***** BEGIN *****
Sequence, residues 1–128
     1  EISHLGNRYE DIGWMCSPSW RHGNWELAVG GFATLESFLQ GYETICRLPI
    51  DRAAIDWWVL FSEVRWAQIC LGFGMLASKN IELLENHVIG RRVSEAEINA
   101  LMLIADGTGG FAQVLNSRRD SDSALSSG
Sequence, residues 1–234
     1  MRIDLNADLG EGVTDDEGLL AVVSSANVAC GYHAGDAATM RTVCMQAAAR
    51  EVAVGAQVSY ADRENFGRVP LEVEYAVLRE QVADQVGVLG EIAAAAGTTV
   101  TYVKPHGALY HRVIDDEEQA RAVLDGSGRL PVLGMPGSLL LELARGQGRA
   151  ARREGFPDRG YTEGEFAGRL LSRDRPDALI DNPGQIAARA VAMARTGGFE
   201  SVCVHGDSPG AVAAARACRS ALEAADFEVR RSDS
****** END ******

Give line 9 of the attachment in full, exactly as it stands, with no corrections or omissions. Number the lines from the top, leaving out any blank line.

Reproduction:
   151  ARREGFPDRG YTEGEFAGRL LSRDRPDALI DNPGQIAARA VAMARTGGFE